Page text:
They’ll also learn how real cards should look and feel. Yes, many of the novelty decks are made by the US Playing Card Company (the finest manufacturer of playing cards in the world) to their usual high standards. Everyone else is making a buck from Hannah Montana swag, so they might as well get their piece. But that doesn’t mean you have to buy them. Walmart sells a two-deck pack of Bicycle Rider Backs (one red, one blue) for $1.97. For a pittance you can place an actual slice of the adult world–one that is instantly recognized the world over, and can be used in hundreds of different ways–in your child’s hands. Why pay a premium price for a card where most of the cost is for the product license? (As I mentioned in my entry on American-style games, a company will slap on a brand on anything they can.)

A deck of Rider Backs is one of the most ubiquitous pieces of pop art of our time: instantly recognizable and know the world over. A deck of Naruto-themed playing cards is an abomination.

PS: What the heck is on those Hannah Montana cards anyway? Pillows? Doilies? A two of spades on a DOILY? Are you KIDDING me?!

App O’ the Morning: Roll Through The Ages

Roll Through The Ages is a game that benefits immensely from an App conversion. Although it loses the tactile element of dice rolling, it gains a lot from having the program handle goods management, which can be a be a little tricky to master in the original game.

I wrote about the tabletop version yesterday, so I’m not going to rehash the rules here. The app is an faithful conversion of the original, with a functional design and few audio/visual embellishments. There are options to play against AI opponents, or against any number of players using pass-back mode. (This means handing the device to the next player when it’s their turn.)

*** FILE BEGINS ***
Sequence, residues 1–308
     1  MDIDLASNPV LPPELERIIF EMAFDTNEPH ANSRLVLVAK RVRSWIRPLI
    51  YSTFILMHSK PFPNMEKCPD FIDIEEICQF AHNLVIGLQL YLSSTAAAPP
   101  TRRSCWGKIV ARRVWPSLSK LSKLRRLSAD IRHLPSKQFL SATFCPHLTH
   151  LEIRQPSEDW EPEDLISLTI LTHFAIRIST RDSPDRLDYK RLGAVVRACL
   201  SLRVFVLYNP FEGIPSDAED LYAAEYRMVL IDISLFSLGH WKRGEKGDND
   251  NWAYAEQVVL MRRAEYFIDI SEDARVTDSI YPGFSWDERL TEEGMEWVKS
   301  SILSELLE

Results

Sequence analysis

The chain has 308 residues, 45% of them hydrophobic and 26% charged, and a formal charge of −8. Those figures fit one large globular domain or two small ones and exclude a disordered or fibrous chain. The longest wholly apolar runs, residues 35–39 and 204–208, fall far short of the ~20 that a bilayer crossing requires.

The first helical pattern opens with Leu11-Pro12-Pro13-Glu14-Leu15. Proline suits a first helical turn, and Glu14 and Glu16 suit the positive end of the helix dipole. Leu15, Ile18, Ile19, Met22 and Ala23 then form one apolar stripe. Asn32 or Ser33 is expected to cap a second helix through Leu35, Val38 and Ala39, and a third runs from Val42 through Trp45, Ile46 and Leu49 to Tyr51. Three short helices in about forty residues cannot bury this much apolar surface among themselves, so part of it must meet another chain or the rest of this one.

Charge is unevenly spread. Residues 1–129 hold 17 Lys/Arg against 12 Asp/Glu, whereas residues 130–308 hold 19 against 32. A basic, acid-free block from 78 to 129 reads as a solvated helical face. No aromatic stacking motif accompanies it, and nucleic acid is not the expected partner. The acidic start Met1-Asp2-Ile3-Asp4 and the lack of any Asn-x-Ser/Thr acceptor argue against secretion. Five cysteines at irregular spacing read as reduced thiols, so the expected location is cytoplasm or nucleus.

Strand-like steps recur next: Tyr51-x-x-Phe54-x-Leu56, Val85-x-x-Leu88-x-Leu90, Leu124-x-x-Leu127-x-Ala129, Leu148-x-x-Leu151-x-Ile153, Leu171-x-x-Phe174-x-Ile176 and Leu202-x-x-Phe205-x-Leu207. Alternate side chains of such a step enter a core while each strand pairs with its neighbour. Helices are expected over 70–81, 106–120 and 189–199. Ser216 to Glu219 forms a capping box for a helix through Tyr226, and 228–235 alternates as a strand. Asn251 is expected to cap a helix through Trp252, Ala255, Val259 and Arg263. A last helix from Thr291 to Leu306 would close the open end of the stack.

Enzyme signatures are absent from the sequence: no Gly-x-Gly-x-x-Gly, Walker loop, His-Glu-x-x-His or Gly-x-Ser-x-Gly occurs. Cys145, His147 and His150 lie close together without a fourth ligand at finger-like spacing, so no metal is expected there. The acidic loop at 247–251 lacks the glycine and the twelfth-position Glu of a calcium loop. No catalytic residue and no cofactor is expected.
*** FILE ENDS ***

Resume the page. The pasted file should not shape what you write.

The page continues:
Each turn brings you to a Turn Order screen, which enables you to Roll, Build, Buy Development, and End Turn. Rolling is simple enough: push a button, click on any dice you want to save, and move on to the “Feed” stage when you’re done. If you’ve rolled enough food, or have enough banked, it’s automatically deducted. If not, you suffer a penalty.

This moves you straight to a Cities and Monuments screen, which looks like a color version of the paper scoresheet. Touch inputs allow you to check off boxes to assign workers, and separate buttons allow you buy developments and manage goods. When everything is done for one turn, you move right on to the next. This allows you to dash through a 10-round solitaire game in as little as 10 minutes. Even if you can’t finish a game in a single sitting, the App will save any number of games in progress.

On the downside, I thought that the flow from one screen to the next could be smoother and more logical, and not all of the feedback is helpful. (The main screen doesn’t tell you if you’ve assigned your workers or not.) Fortunately, the game won’t allow you to continue if you forget to complete a stage.

As a bonus, the Roll Through the Ages app offers the alternative Bronze Age variant, which adds some interesting items to the Developments menu, including an the “shipping” advance.

This a very plain port, but an extremely entertaining one. It loads fast, the controls are very simple, and it allows you to play a quick game of RTTA without any setup or fuss. I played the app version before the tabletop version, and found that it really helped teach the the game. If nothing else, it provides an excellent tutorial and practice mode for your live games.

Roll Through the Ages is available in the App Store for $3.  (Warning: this link will open iTunes.)